Writing this book was not a solo project. Many people have contributed to this book or previous editions. I would like to use this preface to thank them for their help, contributions, ideas, comments, mental support, and patience.
It does not matter how many times a writer reads his own work; editors remain indispensable. A writer reads not what he has written, but what he thinks he has written. In this respect, writing is like programming. That is why I owe a great deal to the following persons for making critical comments and giving very helpful advice: Klaas Brant, Marc van Cappellen, Ian Cargill, Corine Cools, Richard van Dijk, Rose Endres, Wim Frederiks, Andrea Gray, Ed Jedeloo, Josien van der Laan, Oda van der Lans, Deborah Leendertse, Arjen Lentz, Onno de Maar, Andrea Maurino, Sandor Nieuwenhuijs, Henk Schreij, Dave Slayton, Aad Speksnijder, Nok van Veen, John Vicherek, and David van der Waaij. They all have read this manuscript (or parts of it) or the manuscript of a previous edition, a translation of it, or an adjusted version.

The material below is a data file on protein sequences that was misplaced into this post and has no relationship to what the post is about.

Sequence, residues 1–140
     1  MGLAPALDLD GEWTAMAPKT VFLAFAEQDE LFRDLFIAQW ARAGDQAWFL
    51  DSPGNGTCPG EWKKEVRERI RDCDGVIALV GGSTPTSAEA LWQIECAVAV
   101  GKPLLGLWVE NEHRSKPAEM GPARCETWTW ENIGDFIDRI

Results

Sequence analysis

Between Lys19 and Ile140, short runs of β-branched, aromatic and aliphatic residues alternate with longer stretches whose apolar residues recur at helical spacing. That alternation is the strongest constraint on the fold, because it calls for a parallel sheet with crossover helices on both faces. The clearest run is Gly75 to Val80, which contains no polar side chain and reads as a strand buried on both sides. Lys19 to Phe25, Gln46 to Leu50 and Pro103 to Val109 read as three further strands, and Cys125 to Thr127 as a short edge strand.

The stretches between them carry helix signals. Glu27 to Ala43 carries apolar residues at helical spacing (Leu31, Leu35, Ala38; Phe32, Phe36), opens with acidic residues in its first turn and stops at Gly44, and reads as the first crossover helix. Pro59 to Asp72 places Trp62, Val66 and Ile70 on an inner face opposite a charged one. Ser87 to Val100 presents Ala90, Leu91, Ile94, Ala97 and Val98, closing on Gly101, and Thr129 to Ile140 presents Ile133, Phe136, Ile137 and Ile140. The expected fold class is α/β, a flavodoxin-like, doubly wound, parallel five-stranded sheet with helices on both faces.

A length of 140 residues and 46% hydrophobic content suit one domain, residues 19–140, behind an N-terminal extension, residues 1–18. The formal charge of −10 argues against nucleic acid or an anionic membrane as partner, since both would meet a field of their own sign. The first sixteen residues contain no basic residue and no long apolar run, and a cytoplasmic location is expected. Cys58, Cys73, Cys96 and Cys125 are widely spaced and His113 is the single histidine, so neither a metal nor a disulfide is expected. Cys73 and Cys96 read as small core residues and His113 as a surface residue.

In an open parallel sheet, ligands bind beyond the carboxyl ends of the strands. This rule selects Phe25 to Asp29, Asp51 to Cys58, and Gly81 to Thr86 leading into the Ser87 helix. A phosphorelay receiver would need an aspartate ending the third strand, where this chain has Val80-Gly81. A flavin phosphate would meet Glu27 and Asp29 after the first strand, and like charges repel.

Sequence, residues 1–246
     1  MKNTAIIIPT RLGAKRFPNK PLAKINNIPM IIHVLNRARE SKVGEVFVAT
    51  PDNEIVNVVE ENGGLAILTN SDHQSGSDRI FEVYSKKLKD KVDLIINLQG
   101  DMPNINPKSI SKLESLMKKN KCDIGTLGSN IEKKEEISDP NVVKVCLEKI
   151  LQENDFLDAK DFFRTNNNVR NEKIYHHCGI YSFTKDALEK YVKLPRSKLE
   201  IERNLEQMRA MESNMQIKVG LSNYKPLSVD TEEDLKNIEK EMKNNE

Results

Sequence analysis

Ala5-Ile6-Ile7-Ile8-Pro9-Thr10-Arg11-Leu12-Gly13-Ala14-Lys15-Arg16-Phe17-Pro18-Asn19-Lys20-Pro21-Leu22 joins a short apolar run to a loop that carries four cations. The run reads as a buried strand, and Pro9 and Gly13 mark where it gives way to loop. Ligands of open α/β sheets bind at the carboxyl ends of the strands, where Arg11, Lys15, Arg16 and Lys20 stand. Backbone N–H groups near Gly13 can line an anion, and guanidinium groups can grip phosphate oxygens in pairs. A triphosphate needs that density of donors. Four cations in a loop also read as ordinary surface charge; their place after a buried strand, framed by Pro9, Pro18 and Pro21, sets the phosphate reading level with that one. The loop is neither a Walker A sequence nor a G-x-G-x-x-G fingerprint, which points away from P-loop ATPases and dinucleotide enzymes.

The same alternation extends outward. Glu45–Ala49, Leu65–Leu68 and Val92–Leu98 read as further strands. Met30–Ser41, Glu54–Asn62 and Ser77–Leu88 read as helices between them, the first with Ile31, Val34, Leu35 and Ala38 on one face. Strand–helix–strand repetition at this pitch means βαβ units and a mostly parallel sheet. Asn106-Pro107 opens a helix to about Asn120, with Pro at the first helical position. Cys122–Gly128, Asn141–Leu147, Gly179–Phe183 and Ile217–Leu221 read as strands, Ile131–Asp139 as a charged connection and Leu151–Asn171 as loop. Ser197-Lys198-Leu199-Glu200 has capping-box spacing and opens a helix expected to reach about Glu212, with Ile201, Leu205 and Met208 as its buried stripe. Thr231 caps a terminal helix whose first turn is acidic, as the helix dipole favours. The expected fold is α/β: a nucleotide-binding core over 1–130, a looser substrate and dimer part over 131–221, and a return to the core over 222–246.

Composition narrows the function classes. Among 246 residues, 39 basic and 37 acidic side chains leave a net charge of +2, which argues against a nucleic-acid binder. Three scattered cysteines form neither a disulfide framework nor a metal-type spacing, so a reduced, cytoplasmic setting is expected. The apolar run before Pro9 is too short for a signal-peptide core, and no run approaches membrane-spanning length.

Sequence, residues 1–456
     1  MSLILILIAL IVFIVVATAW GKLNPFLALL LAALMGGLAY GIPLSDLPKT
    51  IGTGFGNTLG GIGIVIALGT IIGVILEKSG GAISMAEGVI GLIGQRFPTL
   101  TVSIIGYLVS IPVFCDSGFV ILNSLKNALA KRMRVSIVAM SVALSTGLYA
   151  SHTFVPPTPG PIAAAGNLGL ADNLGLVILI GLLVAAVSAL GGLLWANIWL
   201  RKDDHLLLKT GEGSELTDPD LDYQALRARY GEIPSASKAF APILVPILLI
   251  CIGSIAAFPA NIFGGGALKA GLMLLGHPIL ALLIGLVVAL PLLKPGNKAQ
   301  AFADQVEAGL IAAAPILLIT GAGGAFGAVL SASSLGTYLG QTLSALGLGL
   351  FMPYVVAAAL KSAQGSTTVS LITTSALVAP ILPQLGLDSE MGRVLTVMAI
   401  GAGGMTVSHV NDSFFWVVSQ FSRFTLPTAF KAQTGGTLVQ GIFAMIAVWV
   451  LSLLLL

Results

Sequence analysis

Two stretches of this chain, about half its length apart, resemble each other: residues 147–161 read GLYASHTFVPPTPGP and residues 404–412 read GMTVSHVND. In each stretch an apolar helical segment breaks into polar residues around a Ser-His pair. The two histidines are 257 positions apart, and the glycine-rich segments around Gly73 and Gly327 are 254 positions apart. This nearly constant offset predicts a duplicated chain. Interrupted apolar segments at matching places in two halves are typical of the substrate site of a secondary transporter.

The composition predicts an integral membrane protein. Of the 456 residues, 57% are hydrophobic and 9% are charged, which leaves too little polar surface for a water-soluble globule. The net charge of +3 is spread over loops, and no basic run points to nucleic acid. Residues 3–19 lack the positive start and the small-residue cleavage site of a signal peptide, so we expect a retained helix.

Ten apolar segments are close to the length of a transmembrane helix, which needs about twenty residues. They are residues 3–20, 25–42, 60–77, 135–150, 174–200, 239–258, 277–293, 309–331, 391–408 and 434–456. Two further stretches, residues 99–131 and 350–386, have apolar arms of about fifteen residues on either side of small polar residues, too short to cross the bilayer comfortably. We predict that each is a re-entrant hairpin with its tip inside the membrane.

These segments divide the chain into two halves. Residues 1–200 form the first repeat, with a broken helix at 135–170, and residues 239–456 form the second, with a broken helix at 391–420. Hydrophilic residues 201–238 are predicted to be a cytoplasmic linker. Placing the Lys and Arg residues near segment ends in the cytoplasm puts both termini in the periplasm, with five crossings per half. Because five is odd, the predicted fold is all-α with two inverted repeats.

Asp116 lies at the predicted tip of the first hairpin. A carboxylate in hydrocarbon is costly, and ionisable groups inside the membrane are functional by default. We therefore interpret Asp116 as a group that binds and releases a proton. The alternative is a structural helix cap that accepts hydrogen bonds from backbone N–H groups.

I would like to thank Wim Frederiks and Roland Bouman separately for all the hours they spent editing this book. Both patiently studied each page and pointed out the errors and inconsistencies. I am very grateful to them for all the work they put into this project.
I would also like to thank the thousands of students across the world whom I have taught SQL over the past years. Their comments and recommendations have been invaluable in revising this book. In addition, a large number of readers of the previous edition responded to my request to send comments and suggestions. I want to thank them for the trouble they took to put these in writing.
From the first day I started working on the project, I had the support of the MySQL organization. They helped me by making the required software available. I want to thank this group very much for the support and help.
Again, I owe Diane Cools many thanks. As an editor, she made this book readable to others. For a writer, it is also reassuring to find someone who, especially in difficult times, keeps stimulating and motivating you. Thanks, Diane!
Finally, again I would like to ask readers to send comments, opinions, ideas, and suggestions concerning the contents of the book to firstname.lastname@example.org, referencing SQL for MySQL Developers. Many thanks, in anticipation of your cooperation.
Rick F. van der Lans
Den Haag, The Netherlands, March 2007